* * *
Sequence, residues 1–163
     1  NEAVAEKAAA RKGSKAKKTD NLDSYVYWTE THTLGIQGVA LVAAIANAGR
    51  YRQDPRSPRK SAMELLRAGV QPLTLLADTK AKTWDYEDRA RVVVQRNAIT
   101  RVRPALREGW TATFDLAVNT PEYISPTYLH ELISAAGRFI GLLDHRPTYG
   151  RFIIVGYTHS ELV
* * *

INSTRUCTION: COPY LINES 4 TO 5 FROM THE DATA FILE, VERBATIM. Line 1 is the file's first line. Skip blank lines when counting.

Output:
   101  RVRPALREGW TATFDLAVNT PEYISPTYLH ELISAAGRFI GLLDHRPTYG
   151  RFIIVGYTHS ELV